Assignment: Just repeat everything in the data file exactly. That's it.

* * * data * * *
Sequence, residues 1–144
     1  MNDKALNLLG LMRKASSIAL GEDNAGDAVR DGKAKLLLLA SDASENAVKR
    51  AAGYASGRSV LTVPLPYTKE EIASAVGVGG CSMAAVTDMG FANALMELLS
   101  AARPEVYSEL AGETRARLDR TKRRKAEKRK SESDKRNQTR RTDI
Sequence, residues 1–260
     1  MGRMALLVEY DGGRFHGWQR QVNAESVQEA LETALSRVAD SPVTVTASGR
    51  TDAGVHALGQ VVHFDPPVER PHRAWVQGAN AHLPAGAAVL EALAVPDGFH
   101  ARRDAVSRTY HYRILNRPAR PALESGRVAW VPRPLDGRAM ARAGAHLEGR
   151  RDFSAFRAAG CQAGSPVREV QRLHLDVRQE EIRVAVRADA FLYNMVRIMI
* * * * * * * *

Sequence, residues 1–144
     1  MNDKALNLLG LMRKASSIAL GEDNAGDAVR DGKAKLLLLA SDASENAVKR
    51  AAGYASGRSV LTVPLPYTKE EIASAVGVGG CSMAAVTDMG FANALMELLS
   101  AARPEVYSEL AGETRARLDR TKRRKAEKRK SESDKRNQTR RTDI
Sequence, residues 1–260
     1  MGRMALLVEY DGGRFHGWQR QVNAESVQEA LETALSRVAD SPVTVTASGR
    51  TDAGVHALGQ VVHFDPPVER PHRAWVQGAN AHLPAGAAVL EALAVPDGFH
   101  ARRDAVSRTY HYRILNRPAR PALESGRVAW VPRPLDGRAM ARAGAHLEGR
   151  RDFSAFRAAG CQAGSPVREV QRLHLDVRQE EIRVAVRADA FLYNMVRIMI